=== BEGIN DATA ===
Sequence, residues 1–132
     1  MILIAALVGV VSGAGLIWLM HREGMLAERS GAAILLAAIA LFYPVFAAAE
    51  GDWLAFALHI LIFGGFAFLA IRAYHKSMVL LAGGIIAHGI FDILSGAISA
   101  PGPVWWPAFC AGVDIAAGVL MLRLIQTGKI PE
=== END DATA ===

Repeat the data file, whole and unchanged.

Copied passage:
Sequence, residues 1–132
     1  MILIAALVGV VSGAGLIWLM HREGMLAERS GAAILLAAIA LFYPVFAAAE
    51  GDWLAFALHI LIFGGFAFLA IRAYHKSMVL LAGGIIAHGI FDILSGAISA
   101  PGPVWWPAFC AGVDIAAGVL MLRLIQTGKI PE